Microsoft today announced and previewed Windows Phone 7.1 (codenamed Mango), which the company says will include over 500 new features. Frankly, with everything that is in the update, we're surprised it's not called Windows Phone 8.
The Mango release will be available for free to Windows Phone 7 customers and is scheduled to ship on new phones beginning this fall. Details on device update timing will be provided closer to availability.
Microsoft has a lot slated for Windows Phone. In terms of communications, the company wants to make it easier to connect and share with the following five main features:
- Threads – Switch between text, Facebook chat, and Windows Live Messenger within the same conversation.
- Groups – Group contacts into personalized Live Tiles to see the latest status updates right from the Start Screen and quickly send a text, email, or IM to the whole group.
- Deeper social network integration – Twitter and LinkedIn feeds are now integrated into contact cards, and Mango includes built-in Facebook check-ins and new face detection software that makes it easier to quickly tag photos and post to the Web.
- Linked inbox – See multiple email accounts in one linked inbox. Conversations are organized to make it easy to stay on top of the latest mail.
- Hands-free messaging – Built-in voice-to-text and text-to-voice support enables hands-free texting or chatting.
Microsoft wants to integrate apps directly into the core experiences of the phone. In addition to making it easy to get timely notifications and updates from apps right from the Start Screen, the Mango release will also surface apps as part of search results and within Windows Phone Hubs. Here are the three main app improvements that are coming:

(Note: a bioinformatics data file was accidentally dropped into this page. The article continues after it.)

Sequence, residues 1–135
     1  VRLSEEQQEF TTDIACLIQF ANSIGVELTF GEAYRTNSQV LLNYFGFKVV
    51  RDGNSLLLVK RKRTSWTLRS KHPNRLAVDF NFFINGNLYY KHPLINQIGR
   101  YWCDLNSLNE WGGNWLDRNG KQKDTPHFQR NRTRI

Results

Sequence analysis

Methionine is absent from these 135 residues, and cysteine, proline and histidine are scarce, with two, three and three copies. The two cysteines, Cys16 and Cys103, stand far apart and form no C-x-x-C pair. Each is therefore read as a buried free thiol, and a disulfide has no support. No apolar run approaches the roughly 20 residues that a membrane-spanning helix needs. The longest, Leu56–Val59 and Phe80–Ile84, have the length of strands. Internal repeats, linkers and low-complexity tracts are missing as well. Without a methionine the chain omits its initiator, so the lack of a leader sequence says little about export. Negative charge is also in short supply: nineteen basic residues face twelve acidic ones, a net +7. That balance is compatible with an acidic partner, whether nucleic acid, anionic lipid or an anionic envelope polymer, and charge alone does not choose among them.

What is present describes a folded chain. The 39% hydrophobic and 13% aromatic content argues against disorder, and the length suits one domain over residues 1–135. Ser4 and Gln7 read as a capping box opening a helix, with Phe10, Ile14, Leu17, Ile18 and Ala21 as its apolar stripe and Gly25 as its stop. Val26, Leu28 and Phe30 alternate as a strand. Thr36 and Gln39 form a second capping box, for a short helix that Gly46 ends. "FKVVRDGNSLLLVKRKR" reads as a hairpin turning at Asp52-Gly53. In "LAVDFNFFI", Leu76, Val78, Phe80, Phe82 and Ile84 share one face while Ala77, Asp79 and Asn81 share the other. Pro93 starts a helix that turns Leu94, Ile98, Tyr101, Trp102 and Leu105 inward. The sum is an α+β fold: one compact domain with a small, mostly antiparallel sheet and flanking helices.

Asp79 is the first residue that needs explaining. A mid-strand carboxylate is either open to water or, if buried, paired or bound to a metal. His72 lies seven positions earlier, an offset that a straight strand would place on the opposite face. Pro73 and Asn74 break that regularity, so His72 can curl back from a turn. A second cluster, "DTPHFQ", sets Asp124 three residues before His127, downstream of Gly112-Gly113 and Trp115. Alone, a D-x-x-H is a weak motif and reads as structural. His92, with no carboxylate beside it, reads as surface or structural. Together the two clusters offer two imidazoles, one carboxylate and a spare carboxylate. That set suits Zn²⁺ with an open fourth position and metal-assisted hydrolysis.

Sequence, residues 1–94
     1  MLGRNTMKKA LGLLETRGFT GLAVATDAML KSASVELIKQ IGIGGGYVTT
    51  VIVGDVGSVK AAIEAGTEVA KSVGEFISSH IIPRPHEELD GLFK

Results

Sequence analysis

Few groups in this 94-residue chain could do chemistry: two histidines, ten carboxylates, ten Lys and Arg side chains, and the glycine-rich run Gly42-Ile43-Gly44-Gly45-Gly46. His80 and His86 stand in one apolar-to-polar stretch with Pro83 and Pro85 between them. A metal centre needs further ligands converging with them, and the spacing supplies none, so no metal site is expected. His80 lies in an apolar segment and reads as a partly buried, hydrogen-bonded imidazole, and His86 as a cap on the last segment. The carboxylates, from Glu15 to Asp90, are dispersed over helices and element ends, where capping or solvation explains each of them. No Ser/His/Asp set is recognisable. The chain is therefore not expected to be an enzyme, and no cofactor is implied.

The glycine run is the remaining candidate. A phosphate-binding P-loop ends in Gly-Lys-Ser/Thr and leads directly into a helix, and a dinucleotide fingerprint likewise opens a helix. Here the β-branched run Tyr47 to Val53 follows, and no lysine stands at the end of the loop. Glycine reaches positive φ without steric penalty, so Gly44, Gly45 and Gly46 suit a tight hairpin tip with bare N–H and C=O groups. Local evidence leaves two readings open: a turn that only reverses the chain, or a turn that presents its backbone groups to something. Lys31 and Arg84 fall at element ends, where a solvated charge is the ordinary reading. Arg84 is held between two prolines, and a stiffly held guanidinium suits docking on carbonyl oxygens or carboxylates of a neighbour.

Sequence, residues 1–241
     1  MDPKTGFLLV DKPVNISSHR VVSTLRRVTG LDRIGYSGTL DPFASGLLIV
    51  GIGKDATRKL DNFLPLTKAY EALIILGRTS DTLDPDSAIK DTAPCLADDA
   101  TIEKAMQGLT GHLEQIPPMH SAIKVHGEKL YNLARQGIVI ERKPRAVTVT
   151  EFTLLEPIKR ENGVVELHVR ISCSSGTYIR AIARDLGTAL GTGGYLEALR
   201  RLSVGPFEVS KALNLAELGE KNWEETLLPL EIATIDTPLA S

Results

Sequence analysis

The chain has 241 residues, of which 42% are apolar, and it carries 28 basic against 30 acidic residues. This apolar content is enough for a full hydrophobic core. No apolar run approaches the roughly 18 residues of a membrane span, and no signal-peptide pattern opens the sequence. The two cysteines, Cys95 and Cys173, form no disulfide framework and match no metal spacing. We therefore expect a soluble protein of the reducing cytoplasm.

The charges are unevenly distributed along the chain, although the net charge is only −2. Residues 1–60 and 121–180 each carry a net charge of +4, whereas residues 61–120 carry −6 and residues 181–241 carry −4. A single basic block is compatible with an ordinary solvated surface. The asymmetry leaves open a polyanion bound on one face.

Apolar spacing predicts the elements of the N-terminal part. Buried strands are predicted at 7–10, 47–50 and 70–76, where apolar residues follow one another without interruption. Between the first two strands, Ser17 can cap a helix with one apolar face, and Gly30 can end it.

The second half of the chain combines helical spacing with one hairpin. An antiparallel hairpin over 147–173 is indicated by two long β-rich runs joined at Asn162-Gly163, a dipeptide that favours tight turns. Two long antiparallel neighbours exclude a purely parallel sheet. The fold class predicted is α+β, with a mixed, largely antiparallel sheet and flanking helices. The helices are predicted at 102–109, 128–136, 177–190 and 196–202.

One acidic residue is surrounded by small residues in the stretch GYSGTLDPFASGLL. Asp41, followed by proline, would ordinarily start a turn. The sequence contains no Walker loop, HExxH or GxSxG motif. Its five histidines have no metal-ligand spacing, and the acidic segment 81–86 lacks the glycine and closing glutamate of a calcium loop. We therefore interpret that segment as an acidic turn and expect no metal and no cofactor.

- App Connect – By connecting apps to search results and deepening their integration with Windows Phone Hubs, including Music and Video and Pictures, Mango allows apps to be surfaced when and where they make sense.
- Improved Live Tiles – Get real-time information from apps without having to open them. Live Tiles can be more dynamic and hold more information.
- Multitasking – Quickly switch between apps in use and allow apps to run in the background, helping to preserve battery life and performance.
As for the browser, IE9 is coming. The Mango release will connect the Web to the unique capabilities of Windows Phones, such as location awareness, camera, and access to apps. Here are four online enhancements to look forward to:
- Internet Explorer 9 – A browser based on the powerful Internet Explorer 9 and including support for HTML5 and full hardware acceleration.
- Local Scout – Provides hyperlocal search results and recommends nearby restaurants, shopping, and activities in an easy-to-use guide.
- Bing on Windows Phone – More ways to search the Web, including Bing Vision, Music Search and Voice so it's easy to discover and decide.
- Quick Cards – When searching for a product, movie, event or place, see a quick summary of relevant information, including related apps.
On top of all this, Microsoft has announced new OEM partners: Acer, Fujitsu, and ZTE. Of course, Nokia is also on board, as are the existing manufacturers Samsung, HTC, and LG. Curiously, Dell, which currently makes the Venue Pro, was not mentioned anywhere.
Microsoft also took the opportunity to declare that there are now more than 17,000 apps available on Windows Phone Marketplace. Access to apps will be expanded by launching Windows Phone Marketplace in new countries.
Support for additional languages is also being added. Microsoft has confirmed it will support the following additional languages: Brazilian Portuguese, Simplified and Traditional Chinese, Czech, Danish, Dutch, Finnish, Greek, Hungarian, Japanese, Korean, Norwegian, Polish, Portuguese, Russian, and Swedish.
Last but not least, a beta release of the free Windows Phone Developer tools, which will be used to create the next generation of Mango apps and games, should be posted as a public download to Microsoft's website by tomorrow. It's odd that Microsoft doesn't have it ready yet, but it's possible the company wants to draw out the hype around this update.
"Seven months ago we started our mission to make smartphones smarter and easier for people to do more," Andy Lees, president of the Mobile Communications Business at Microsoft, said in a statement. "With 'Mango,' Windows Phone takes a major step forward in redefining how people communicate and use apps and the Internet, giving you better results with less effort."